The world today, not in the least Europe, is facing an unprecedented crisis. There is more food to eat, more ideology, sexual permissiveness, exhaustive laws, regularization of banking and other financial institutions, and, Slavoj Žižek argues, more privacy. Yet, the level of disbelief and frustration with regard to hunger, sexuality, law and order, the economic situation, politics, and the notion of public space is palpable. Is this not just because we continue to be seduced by a patchwork of easy but wrong answers but because the allure of those answers leads us to asking the wrong questions?
Žižek illumines a dense path through the works of Daphne du Maurier, Jean Pierre Melville’s The Army of Shadows, the films of Lubitsch, the place of violence in the Buddhist system of moral conduct, Christopher Nolan’s The Dark Knight Rises, the assertion that Gandhi was more violent than Hitler, pedophilia in the Church, the maternal aspect of North Korean leaders, the crisis in Cyprus and Greece, the larger economic meltdown and its denial by the very people who are responsible for it. In the process, we are invited to question some of these answers, and to return to the questions. Žižek then goads us to develop tools that might help not only in reframing the questions but make us look at the very frame with skepticism.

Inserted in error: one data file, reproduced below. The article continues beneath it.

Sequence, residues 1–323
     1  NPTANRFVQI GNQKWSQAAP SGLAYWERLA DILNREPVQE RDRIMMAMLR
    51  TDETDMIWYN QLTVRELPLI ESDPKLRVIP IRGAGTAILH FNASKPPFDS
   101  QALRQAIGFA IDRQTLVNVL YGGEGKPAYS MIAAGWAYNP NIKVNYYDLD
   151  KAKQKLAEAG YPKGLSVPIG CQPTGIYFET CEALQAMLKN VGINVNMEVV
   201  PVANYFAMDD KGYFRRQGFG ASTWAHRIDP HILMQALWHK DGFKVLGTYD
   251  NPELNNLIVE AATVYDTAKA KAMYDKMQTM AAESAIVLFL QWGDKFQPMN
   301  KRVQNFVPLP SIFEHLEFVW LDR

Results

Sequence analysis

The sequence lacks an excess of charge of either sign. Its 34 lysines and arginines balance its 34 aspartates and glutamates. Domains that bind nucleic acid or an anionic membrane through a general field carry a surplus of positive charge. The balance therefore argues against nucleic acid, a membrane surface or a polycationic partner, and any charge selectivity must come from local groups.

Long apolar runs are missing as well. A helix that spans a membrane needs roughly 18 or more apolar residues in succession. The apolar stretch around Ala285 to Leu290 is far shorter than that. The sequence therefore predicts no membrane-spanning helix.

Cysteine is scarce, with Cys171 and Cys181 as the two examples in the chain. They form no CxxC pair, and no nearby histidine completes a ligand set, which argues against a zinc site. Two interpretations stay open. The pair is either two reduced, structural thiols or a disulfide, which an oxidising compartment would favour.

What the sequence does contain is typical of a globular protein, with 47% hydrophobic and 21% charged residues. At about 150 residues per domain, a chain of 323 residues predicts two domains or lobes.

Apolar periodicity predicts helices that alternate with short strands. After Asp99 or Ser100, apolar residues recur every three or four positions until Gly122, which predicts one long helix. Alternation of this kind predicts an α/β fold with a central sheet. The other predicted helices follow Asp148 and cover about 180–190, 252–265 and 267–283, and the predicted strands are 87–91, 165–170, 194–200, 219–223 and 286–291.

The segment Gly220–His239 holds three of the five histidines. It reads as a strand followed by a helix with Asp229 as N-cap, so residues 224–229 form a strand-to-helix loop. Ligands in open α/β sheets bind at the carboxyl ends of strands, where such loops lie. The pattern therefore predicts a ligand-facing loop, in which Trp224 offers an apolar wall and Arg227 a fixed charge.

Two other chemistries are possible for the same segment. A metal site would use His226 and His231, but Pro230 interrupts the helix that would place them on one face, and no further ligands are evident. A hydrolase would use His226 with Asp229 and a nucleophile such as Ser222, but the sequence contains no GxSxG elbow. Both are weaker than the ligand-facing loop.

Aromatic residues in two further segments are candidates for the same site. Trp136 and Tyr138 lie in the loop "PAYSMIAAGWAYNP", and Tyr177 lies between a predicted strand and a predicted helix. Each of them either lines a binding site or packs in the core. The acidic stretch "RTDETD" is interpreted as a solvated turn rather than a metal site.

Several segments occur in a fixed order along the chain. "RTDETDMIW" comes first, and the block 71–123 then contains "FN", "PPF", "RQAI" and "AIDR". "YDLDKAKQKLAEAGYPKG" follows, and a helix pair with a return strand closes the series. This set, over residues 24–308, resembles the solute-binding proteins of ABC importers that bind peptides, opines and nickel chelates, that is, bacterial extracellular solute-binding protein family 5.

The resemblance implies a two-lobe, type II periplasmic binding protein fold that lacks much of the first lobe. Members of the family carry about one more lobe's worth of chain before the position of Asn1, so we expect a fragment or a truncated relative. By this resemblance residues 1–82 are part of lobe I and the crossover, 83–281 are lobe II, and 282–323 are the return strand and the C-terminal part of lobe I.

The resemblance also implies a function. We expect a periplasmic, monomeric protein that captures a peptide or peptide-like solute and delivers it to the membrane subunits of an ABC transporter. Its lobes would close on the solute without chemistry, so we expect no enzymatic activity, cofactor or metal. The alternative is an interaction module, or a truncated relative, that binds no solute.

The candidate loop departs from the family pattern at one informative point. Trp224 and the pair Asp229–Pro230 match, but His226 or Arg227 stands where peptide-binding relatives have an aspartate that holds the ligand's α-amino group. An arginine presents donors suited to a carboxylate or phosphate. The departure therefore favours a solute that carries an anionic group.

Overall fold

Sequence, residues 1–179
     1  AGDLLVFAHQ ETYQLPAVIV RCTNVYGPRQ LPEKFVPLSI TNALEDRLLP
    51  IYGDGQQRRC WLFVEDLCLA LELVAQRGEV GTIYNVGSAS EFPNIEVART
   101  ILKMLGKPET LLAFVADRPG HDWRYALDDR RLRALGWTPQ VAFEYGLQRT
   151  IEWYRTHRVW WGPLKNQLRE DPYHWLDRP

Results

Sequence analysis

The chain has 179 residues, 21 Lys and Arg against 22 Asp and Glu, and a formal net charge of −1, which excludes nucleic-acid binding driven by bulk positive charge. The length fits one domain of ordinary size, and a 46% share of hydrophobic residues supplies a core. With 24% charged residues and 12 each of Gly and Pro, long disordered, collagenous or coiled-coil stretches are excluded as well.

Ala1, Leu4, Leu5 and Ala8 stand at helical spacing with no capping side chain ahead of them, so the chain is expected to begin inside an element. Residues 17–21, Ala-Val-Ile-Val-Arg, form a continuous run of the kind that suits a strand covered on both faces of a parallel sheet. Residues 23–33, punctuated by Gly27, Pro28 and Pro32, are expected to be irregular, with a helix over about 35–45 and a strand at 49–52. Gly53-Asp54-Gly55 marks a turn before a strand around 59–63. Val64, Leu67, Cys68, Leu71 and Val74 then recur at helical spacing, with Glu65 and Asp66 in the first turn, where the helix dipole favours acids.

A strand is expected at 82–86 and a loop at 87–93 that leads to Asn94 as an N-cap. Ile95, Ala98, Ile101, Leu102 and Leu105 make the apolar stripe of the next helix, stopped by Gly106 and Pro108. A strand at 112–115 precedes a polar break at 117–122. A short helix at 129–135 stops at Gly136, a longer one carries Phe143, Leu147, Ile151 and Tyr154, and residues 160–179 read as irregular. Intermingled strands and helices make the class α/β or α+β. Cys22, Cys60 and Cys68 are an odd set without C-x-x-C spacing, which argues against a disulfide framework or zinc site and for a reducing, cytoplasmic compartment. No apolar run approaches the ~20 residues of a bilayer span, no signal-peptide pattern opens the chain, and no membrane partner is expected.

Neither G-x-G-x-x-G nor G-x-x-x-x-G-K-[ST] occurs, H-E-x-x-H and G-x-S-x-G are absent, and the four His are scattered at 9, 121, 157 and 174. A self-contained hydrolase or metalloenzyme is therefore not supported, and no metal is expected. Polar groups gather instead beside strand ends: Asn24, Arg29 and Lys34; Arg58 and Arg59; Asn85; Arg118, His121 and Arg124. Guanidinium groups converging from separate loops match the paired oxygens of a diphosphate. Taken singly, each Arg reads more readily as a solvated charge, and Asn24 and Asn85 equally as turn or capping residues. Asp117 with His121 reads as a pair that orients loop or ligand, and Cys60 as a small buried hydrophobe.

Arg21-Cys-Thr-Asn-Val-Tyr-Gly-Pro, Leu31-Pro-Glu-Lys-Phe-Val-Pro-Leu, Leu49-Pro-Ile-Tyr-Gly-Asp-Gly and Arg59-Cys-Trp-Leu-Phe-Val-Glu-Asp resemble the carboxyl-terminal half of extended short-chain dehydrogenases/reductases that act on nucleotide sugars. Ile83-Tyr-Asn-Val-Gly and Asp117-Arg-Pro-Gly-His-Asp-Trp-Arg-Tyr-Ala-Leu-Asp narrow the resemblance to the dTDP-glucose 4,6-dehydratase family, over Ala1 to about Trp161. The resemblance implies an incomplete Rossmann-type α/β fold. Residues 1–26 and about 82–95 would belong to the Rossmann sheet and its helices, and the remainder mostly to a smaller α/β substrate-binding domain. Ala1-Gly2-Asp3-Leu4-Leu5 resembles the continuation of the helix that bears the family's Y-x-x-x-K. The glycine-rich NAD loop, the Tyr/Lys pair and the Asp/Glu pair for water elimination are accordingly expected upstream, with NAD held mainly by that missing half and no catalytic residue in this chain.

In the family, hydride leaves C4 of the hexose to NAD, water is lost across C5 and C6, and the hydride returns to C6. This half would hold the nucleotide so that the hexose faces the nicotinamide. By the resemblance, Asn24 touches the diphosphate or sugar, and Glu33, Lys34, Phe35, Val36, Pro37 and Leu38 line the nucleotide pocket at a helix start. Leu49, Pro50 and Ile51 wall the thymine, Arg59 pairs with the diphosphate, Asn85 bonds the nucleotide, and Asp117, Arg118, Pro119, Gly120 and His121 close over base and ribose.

Slavoj Žižek is the author of over forty books, including The Sublime Object of Ideology (Navayana), First as Tragedy, Then as Farce (Navayana) and In Defence of Lost Causes.